How to Worship God in Hard Times
- Matt Redman and Beth Redman mattredman.com
- 2016 14 Jun
The writer of Lamentations was not alone in his faith-building technique. The psalmists were constantly practicing this discipline. In so many of the psalms, the writer recalls the story of God’s faithfulness as a bridge toward worship and hope. Psalm 13, for example, begins with a desperate cry but ends with a reminder of God’s track record in his life:
How long, O Lord? Will you forget me forever?
How long will you hide your face from me?
How long must I wrestle with my thoughts
and day after day have sorrow in my heart?
How long will my enemy triumph over me?
Five urgent questions from a worshiper longing to be free of his suffering. Yet he ends his song with the choice to believe and trust in the powerful and merciful nature of his God:
The psalmist here teaches us a beautiful truth: Remembering releases rejoicing.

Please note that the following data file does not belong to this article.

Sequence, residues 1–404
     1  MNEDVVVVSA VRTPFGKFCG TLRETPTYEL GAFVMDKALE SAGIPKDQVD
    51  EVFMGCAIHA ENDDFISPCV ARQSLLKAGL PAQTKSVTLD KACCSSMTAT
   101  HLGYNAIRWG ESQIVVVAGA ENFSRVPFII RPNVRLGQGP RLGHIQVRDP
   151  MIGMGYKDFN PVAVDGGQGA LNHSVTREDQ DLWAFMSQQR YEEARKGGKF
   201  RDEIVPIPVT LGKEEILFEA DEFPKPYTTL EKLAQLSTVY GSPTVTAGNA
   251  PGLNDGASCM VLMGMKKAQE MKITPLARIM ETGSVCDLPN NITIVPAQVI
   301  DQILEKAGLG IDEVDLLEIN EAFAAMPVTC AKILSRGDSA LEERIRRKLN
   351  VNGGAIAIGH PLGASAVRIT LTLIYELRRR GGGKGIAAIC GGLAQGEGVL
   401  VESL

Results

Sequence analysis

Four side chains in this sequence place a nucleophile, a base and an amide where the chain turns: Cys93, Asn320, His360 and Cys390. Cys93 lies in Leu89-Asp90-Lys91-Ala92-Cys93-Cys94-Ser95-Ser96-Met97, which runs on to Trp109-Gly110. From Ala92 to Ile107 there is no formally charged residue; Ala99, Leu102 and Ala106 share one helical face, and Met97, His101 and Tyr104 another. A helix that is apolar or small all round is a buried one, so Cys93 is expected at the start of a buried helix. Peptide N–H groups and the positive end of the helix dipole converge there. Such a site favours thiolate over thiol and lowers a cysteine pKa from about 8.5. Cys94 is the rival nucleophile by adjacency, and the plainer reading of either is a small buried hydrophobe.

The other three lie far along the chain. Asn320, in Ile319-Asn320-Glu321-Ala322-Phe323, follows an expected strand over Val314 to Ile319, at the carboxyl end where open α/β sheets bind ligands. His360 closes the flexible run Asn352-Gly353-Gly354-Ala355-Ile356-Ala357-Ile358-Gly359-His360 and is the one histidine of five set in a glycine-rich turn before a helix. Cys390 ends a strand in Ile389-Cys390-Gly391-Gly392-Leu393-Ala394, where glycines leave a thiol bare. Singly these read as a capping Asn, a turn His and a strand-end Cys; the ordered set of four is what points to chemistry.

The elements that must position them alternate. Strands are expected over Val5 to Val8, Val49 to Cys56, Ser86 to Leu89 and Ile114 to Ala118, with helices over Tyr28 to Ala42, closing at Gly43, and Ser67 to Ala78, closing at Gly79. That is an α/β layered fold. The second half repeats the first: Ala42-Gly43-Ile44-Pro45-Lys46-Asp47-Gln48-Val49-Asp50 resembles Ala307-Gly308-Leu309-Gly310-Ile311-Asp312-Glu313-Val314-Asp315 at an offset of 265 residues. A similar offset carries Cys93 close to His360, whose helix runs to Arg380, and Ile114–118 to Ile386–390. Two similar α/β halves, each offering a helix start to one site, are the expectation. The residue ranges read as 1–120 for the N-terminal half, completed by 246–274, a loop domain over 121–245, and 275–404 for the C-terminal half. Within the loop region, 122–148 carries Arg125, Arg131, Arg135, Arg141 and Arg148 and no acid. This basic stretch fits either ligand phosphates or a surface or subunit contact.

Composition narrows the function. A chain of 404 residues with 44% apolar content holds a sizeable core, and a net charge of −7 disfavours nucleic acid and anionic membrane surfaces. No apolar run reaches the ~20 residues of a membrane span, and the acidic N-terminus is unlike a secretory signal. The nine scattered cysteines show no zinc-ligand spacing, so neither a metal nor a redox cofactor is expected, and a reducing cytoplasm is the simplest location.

Throughout the ages, the people of God have found strength in this approach. Take, for example, the writer of the old hymn “The Solid Rock”—a song deeply rooted in the truth of an unchangeable, unshakable Savior:
When darkness veils His lovely face,
I rest on His unchanging grace.
In other words, in times when we can’t seem to perceive God amidst our pain, and the clouds of anxiety and fear close in on us, the way forward is to remind ourselves of what we know to be true and dependable—the unchanging grace of God.
It’s a little like looking at the moon. We’ve all seen a full moon and therefore know something of its form. But we don’t always witness it like this. Some nights we see a half moon, at other times just a small sliver of moon. And on some occasions we see almost nothing at all—just the faintest outline hidden by a cloudy night sky. Yet the point is this: Even when the moon is obstructed from our view, we are still convinced of its existence and true form because of what we have seen in the past. The same is true of our walk as worshipers of Jesus. At times, painful life circumstances seem to obstruct our view of Him and His goodness. But we have seen the form of the Lord many times before—in life and in Scripture—and know Him to be as good and as kind as He ever was. Faced with challenging times, a wise worshiper looks over the form of the Lord—recalling the soul-refreshing wonders of His nature and attributes—and through this finds a way to the place of praise. Our Father in heaven has an incredible track record.